I Know Why You Want To Quit Your Job. Do You?

If I quit now, I will soon be back to where I started. And when I started I was desperately wishing to be where I am now.
— Anonymous
Frustrated and thinking of quitting your job?

I Know Why You Want To Quit Your Job. Do You?

Photo by Andrew Neel on Unsplash

I know the exact moment I felt I could be a father. I was reading an article in GQ by author Michael Chabon. A think piece on the art and craft of writing. It sparks the thought, is fatherhood the enemy of an illustrious career? A great writer told Michael, “Don't have children.” Each one represents a novel you'll never publish. Chabon clearly ignored his advice, a father of four. He defied all odds, introducing 14 books to the world. What you’re looking for might not involve quitting your job after all.

For as long as I can remember, I was downright opposed to the idea of being a father. I'd give you some half-assed reason why if you asked me, but I really didn't know. At that point in my life, I felt I had no business being a Dad. It's only recently my opinion has warmed to the idea. 

I sometimes feel tortured by my future-focused brain. I've been meditating for the last two-and-a-half years in an attempt to tame that lizard. It's my pre-life ritual. In my journey, I've explored a personal obsession with significance. Being seen. Being heard. Being respected. Being loved. It's human nature to want all of these things. The problem is when we value them more than anything else. And I did.

The following exercise is adapted from Tony Robbins’ work with 4 million people. He concluded that we are motivated (or can be motivated) by the desire to fulfil six core needs. These needs are not merely wants or desires, but profound needs that form the basis of every decision you make. It’s a valuable exercise I use in my coaching partnerships.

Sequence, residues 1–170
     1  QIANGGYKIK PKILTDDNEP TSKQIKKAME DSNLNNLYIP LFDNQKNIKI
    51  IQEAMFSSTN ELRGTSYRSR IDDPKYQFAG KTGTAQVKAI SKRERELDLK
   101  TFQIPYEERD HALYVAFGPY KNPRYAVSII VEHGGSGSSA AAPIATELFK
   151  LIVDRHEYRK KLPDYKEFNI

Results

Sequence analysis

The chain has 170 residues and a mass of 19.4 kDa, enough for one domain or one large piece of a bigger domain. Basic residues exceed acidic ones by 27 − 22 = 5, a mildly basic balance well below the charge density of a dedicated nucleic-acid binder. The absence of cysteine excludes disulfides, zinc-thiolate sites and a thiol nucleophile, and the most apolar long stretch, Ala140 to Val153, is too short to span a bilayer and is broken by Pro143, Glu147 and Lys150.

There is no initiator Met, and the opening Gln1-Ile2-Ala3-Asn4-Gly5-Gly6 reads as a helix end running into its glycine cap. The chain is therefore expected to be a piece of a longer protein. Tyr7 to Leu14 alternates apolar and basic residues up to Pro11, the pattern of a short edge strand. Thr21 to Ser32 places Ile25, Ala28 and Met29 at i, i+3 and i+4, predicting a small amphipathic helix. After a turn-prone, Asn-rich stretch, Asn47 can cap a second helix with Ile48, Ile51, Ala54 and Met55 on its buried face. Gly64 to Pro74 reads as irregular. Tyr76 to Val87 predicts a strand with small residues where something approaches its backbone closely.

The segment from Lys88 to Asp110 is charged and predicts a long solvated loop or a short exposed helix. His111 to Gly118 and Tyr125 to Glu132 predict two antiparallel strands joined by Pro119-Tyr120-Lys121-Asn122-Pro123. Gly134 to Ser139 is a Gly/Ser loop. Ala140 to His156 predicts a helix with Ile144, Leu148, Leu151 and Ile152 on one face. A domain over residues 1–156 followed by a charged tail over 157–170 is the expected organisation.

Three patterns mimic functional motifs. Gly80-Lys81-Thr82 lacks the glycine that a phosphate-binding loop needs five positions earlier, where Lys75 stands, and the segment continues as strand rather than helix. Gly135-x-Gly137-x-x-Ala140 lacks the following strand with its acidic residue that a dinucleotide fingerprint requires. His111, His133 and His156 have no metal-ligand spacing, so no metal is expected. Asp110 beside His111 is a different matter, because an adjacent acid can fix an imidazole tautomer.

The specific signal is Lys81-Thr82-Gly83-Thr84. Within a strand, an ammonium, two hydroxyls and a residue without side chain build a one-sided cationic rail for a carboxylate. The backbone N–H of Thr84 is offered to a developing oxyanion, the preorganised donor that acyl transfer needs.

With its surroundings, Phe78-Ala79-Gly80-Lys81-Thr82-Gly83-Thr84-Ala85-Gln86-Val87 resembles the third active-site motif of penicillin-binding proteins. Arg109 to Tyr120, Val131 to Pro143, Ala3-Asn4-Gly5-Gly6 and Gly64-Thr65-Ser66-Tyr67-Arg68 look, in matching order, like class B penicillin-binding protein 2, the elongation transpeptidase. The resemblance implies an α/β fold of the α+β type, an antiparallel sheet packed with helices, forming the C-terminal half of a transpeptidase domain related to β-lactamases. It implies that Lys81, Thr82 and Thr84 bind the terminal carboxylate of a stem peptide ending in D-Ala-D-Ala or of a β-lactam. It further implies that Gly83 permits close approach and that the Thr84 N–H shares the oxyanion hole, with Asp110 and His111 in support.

Grab a piece of paper and put these values in their order of importance in your life. I'll wait while you do it. It could be something that changes the entire perspective of your life. It did for me.

  1. Certainty - Things are going to play out exactly how you want.

  2. Uncertainty/variety - Choice, adventure, the need for the unknown, a desire for new.

  3. Significance - Feeling unique, important, special or needed.

  4. Connection/love - A sense of closeness, being part of something.

  5. Growth - Development of self, expanding who you are. You're being challenged.

  6. Contribution - You're helping others. Your work matters.

Certainty, uncertainty, significance, and connection mould your personality. Growth and contribution speak to your spiritual side. They each factor into every decision you make, whether that's a conscious one or not.

I unknowingly put significance above all else. So finding a job that lived up to that tall order was impossible. If I didn't feel like my work was important, or if I didn't feel needed, I'd shut off. I'd fire up Charity Village and look for a new job.